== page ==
The 119th Synod of the Diocese of New Westminster with the theme, Love One Another: Christ’s Body, the Church wasn’t just resolutions, amendments, discussions, points of order, presentations and prayers it was also a chance to celebrate two special recipients of The Order of the Diocese of New Westminster, Coyote Terry Aleck associated with St. Hilda's, Sechelt and Bette Geddes of Bette Geddes and Associates Catering and the Sharing Abundance Food Ministry.
The Venerable Stephen Muir, Archdeacon of Capilano and the Rector of St. Agnes' in North Vancouver’s Grand Boulevard neighbourhood read the Citations. Archbishop Melissa Skelton offered prayers and congratulated the recipients, and the Dean of the Diocese of New Westminster, the Very Reverend Peter Elliott placed the ribbons and medals around the shoulders of the newly invested.
The investiture ceremony concluded the Mid-day Prayers worship that began at 12:30pm on Day 2 of Synod, May 25. Prior to worship, Terry, Bette and more than a dozen of their guests took their places on chairs positioned in the southeast section of the Synod Hall (the Italian Cultural Centre Grand Ballroom). Coyote Terry Aleck took his place on the podium and Archdeacon Muir read the Citiation:
Coyote Terry Aleck is a member of the Lytton First Nation living on the Sunshine Coast. A Nlaka’pamux pipe carrier, a sweat lodge pourer, and a residential school survivor, Terry was one of the first former Indian Residential School students to sue the federal government and the Anglican Church for abuses suffered at St George’s Residential School in Lytton. He won the precedent-setting court case Aleck et al v. Clarke et al after a 17 year court battle. His journey has been featured in various documentaries and books, including The Healing Circle, Road to Reconciliation. Terry is a father of four daughters and one son, and has four grandsons and an adopted daughter. Trained as a Family Violence and Addictions Counsellor, he currently works as a security guard at a local shopping centre. He volunteers as Co-Chair of the Sunshine Coast School District’s Aboriginal Education Programme. In 2017, he received the Canada 150 Award from Member of Parliament Pamela Goldsmith-Jones, in recognition of his many achievements and volunteer services over his past 32 years of sobriety. Terry and his partner of 15 years, Christine Turenne, lead a monthly drum circle at St Hilda’s Anglican Church and they are active in giving drum making workshops, offering ceremonies for community members in need, assisting in the Kairos Blanket Exercise, and supporting the shíshálh Nation.
Following the reading of the Citation, Archdeacon Muir shared the following letter written by the Animator for Reconciliation, Anglican Church of Canada, Melanie Delva, ODNW.
"Because of my familiarity with archival records, Terry was an inspiration to me long before I ever had the opportunity to meet him. He is a pipe-carrier, leader, healer, teacher, husband, father, grandfather, friend. In a plot twist characteristic of the Creator's delight in making all things new, Terry's particular gift in bridging the gap between Indigenous and non-Indigenous peoples has brought healing and understanding to many hearts and minds. But to me, he is also "Papa Coyote". He is my family. So, Papa, let me just say: I am so sad that I could not be there to witness you receive this honour today. You know that I have long admired the gut-wrenching work and incredible healing that has brought you to this point on the journey, and I am delighted that in this honour, others have the opportunity to do the same. Thank you for all you have been in my life, and for sharing this adventure called life with me. I love you. -Melanie"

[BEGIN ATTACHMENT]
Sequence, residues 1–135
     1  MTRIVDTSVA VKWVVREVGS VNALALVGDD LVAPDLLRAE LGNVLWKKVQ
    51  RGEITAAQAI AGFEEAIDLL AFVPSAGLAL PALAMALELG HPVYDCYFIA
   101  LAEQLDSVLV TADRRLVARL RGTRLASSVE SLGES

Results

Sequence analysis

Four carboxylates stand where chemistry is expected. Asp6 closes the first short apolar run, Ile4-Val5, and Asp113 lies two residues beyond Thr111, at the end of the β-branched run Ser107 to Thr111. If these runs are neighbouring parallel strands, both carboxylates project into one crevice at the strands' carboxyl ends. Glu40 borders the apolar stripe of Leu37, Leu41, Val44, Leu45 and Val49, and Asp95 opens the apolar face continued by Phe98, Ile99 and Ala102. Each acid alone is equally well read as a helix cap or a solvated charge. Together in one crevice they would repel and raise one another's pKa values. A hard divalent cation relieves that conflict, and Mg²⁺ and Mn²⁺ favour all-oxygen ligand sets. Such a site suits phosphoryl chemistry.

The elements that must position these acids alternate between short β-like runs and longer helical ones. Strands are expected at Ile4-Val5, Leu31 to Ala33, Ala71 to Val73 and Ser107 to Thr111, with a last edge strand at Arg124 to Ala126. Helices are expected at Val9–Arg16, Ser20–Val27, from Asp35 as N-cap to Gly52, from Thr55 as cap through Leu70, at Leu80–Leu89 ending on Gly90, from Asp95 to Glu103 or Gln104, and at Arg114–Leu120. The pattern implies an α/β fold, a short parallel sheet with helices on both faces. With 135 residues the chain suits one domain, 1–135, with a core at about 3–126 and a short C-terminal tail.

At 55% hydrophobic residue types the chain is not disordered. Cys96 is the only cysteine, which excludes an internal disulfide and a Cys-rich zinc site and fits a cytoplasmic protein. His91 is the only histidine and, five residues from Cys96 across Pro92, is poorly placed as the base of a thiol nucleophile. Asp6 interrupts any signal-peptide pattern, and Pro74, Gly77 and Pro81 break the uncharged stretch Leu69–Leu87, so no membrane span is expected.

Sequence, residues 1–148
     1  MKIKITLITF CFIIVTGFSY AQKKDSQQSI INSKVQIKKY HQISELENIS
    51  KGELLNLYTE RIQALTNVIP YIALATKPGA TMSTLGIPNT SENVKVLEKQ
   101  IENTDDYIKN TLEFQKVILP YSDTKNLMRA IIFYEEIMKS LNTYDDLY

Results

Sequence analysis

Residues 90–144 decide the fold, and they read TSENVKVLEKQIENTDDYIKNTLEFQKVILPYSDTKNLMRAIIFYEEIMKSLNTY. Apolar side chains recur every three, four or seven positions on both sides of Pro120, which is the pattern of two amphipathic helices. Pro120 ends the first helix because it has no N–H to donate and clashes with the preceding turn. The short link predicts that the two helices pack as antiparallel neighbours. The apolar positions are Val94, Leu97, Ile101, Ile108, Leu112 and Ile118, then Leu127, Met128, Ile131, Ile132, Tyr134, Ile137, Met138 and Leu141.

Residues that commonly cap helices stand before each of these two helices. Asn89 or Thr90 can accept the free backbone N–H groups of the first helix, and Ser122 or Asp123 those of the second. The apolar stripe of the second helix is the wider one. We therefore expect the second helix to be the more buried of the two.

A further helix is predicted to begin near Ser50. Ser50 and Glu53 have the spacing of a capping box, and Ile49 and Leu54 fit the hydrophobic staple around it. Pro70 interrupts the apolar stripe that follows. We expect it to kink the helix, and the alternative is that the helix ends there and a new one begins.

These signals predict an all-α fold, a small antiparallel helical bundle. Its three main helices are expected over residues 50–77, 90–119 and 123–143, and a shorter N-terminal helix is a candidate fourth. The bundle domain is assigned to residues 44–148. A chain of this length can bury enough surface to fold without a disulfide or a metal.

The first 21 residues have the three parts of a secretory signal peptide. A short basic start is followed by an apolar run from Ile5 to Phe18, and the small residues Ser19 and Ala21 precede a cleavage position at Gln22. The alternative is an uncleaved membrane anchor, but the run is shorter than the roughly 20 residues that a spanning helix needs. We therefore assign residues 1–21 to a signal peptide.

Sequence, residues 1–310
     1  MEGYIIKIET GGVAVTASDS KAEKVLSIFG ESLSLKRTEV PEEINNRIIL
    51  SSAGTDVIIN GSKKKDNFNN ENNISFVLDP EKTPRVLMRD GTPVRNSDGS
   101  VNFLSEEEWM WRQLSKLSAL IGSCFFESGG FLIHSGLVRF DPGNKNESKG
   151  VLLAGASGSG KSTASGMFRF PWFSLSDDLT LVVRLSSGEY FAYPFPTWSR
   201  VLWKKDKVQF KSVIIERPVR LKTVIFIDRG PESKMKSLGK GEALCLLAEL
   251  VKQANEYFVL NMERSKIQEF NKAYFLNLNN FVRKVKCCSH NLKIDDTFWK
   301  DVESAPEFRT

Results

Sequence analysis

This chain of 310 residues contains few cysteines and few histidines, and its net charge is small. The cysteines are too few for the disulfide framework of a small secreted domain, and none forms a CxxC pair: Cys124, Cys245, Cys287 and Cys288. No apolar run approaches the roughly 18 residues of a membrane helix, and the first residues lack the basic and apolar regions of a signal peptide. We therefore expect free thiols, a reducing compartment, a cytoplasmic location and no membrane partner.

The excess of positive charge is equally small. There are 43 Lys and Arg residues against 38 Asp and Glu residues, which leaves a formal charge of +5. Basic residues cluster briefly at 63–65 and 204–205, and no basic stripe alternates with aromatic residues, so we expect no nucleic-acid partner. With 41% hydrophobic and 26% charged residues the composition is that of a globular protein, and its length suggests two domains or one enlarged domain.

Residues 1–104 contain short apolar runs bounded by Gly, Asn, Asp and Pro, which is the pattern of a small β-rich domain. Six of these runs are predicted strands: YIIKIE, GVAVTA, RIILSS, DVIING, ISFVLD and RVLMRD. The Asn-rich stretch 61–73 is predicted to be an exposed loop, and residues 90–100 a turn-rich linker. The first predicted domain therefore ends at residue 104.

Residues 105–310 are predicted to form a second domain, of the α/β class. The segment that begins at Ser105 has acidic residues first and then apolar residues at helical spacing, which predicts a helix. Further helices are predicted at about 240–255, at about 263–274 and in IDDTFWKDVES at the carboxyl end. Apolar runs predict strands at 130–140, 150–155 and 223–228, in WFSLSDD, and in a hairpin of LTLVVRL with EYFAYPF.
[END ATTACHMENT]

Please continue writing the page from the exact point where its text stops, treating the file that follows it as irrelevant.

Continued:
Dean Peter Elliott placed the medal and ribbon around the shoulders of Coyote Terry Aleck and the Synod Hall erupted with applause and cheers. Terry hugged the three clergy and then he raised his hands to the four directions as the applause continued.
As the applause for Terry Aleck, ODNW faded, Bette Geddes approached the dais to be invested into the ODNW.
Archdeacon Muir read the Citiation:
Bette has a servant’s heart expressed in her love of feeding people. She is reliable, hard working, creative and passionate about food and its preparation. Her magnetic personality draws people to her circle as she shares her excitement about the food she has created. She partners with Deacon, the Reverend Lizz Lindsay as the Executive Chef for Sharing Abundance, a non-profit society serving meals on the North Shore for over a decade. Bette plans, shops and prepares over 5,000 meals a year working several days a week for this charity. In addition, Bette caters for the Sharing Abundance host churches and Legions for luncheons, dinners and funerals, as well as catering at many other Lower Mainland churches and retreats. Bette probably has the keys to more churches than anyone in the Diocese! Bette is also the “Diocesan caterer”. She does most of the catering for weekend and special events including the Order of the Diocese of New Westminster Investiture Service in New Westminster where her boxed lunches receive rave reviews. Participants in events look forward to her great lunches and dessert treats as well as her unexpected special touches. Bette’s gracious presence and loving heart have come to the attention of many folks and her quiet ministry enriches many lives.
Again there was a roar of cheering and applause for Bette affirming her as a generous, tireless and cheerful part of the diocesan community. The line in the Citation about Bette’s collection of church keys was met with much laughter.
Following the ceremony the two members posed for photos and then it was time for the now traditional Saturday of Synod, hot pasta lunch.
Congratulations to Coyote Terry Aleck, ODNW and Bette Geddes, ODNW on this much deserved recognition.
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